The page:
Back in the studio, Harry set about weaving his collection of acoustic instruments into his usual style of rustic melancholy. Inspired and fresh from his walk with a theme in mind, he allowed the resulting lo-fi sounds to retain their melodic properties and set them against a backdrop of noise, radio interference and vinyl crackle.
Field recordings taken during the walk and at other locations filter into the mix; an old lady pushes her trolley through the backstreets of a sleepy village, ice cracks under foot on a cold morning and the cogs and gears of a bicycle turn, all the while permeated by fragments of forgotten radio broadcasts.
The final stage of the recording process saw Harry team up with work colleague and piano owner Neil Winning to round off this set of short recordings with an additional element.
After a short period of tweaking, the final outcome was married with track titles to reflect the varying moods of the sky.



released 12 July 2012
Recorded and produced by Harry Towell
Piano by Neil Winning
Cover photo by Paul Randall
Artwork by Harry Towell
Additional photography by Harry and Baz Towell

Instruments used:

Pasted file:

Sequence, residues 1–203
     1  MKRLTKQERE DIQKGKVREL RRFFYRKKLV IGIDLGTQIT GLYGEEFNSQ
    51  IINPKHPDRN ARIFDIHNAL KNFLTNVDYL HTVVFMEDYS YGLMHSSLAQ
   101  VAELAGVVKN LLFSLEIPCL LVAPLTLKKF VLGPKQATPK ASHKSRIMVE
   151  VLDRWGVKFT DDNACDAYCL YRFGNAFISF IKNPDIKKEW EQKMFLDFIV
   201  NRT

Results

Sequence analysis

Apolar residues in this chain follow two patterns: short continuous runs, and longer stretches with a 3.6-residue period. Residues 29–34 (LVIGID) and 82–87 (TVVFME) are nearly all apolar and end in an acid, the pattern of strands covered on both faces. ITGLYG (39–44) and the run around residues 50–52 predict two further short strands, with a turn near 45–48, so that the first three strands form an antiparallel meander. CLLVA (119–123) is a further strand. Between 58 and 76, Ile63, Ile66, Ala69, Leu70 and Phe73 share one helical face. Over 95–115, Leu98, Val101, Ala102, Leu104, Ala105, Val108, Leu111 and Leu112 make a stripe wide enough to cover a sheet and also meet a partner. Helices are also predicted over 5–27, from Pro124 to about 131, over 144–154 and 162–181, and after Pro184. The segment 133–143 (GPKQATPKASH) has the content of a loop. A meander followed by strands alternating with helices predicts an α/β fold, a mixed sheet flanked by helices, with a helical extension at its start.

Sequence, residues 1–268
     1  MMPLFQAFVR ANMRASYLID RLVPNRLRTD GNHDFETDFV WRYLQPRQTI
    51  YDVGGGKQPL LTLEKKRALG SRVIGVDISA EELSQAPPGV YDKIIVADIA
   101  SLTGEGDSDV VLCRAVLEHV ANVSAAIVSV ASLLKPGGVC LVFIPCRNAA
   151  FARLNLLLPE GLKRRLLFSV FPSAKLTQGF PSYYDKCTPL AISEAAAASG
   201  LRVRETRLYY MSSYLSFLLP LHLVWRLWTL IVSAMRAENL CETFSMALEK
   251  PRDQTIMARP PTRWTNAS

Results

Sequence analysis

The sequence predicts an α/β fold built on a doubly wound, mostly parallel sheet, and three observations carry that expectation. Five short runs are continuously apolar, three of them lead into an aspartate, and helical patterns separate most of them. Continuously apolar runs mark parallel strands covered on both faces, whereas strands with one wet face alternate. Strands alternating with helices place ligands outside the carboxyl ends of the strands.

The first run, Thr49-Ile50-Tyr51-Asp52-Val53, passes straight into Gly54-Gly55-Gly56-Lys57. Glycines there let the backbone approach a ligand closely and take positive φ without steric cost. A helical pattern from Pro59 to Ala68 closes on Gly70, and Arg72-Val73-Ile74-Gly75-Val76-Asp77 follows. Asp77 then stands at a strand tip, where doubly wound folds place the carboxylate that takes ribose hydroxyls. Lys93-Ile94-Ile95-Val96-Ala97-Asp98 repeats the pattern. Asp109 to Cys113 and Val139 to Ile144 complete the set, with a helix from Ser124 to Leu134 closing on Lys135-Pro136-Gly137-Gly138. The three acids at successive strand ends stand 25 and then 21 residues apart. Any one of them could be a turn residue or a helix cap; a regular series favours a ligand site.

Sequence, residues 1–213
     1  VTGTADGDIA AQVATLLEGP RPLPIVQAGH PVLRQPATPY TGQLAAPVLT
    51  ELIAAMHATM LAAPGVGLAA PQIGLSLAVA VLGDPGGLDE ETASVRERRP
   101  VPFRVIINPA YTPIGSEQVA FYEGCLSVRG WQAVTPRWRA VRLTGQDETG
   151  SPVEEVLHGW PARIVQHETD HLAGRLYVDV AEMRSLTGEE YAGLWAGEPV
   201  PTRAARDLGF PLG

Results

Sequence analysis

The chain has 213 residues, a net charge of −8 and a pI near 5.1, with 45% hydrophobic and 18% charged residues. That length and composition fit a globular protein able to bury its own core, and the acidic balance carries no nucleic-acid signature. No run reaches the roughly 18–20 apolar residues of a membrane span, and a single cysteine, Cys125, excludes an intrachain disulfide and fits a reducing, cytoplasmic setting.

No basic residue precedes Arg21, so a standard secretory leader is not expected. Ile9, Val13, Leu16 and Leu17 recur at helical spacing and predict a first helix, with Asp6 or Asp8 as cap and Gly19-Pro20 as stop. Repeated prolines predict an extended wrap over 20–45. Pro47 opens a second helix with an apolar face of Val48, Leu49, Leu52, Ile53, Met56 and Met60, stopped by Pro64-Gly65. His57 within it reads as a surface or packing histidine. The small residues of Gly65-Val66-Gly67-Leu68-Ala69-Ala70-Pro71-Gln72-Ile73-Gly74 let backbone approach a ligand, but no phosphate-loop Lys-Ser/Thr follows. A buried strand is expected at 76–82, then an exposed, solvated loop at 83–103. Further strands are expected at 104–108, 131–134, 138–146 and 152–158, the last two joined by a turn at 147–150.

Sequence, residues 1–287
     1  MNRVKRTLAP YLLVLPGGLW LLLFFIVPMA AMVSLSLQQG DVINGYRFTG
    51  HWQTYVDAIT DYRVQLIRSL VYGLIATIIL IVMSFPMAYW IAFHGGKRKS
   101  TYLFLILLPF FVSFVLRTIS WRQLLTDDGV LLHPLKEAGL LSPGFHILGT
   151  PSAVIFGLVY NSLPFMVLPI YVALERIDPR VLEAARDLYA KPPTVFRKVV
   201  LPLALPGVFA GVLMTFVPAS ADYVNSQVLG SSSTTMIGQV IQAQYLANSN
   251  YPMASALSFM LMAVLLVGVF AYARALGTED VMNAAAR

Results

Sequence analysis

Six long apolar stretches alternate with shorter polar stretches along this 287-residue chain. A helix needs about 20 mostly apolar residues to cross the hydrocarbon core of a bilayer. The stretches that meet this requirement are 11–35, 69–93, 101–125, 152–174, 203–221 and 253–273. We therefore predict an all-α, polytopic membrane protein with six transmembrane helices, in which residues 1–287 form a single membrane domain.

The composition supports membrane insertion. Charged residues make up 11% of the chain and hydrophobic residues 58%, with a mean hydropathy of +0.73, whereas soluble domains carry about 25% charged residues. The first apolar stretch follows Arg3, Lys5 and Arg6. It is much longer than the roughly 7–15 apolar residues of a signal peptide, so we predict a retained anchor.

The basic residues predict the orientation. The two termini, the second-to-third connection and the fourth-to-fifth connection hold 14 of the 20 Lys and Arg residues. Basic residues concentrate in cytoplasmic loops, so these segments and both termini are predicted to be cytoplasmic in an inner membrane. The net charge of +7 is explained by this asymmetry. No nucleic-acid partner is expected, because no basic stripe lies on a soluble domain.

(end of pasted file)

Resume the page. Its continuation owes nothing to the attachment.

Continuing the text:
Piano, classical guitar, violin, duduk, ukulele, harmonica, glockenspiel, trumpet, bugel and keyboard

Bonus remixes by Tom Honey, Hummingbird and Harry Towell. Remix photography by Harry Towell and Hummingbird

CD print design by: Christian Roth

Pleq & Spheruleus - Quietus Gradualis [Time Released Sound]

Earlier this year I had the pleasure of collaborating with Pleq again, as we had done on the 'A Silent Swaying Breath' album. We were invited by Time Released Sound to create work to spread across two 3" CDRs as part of their special chocolate box series, with Colin from the label creating unique artworks for packaging. There were two editions on offer in limited supply, the primary being an insane and elaborate edition of 80 which have since sold out. The took the form of a pop-art inspired game, complete with pieces, also housing both discs containing our contribution to the series.
The second version of pairs both tracks onto a 5" CD, contained within a wallet. This is still available to order (at the time of writing) from Time Released Sound:

Sound wise, Pleq and I worked hard to create two slowly developing soundscapes, full of subtle detail and accompanied by a helping of tape hiss. The theme for the project and concept behind the titling is centred around the slow and gradual process of decay and disintegration. The sounds condense this lengthy journey that all objects, buildings and people are subjected to as a simple existence is slowly warped and changed by the hands of time. The two individual tracks are titled to reflect the different angles of this process. Apologue refers to the stories, legends and folklore that rise from the passing of something. The folky feel to the track swells and falls to indicate the changes that the story carries with it. Slowly with time, it becomes diluted.
Vestiges refers to the physical evidence that remains; things that are left behind and refuse to disappear completely. This piece is consequently much deeper and contains a gritty power to it. You can listen to a sample here: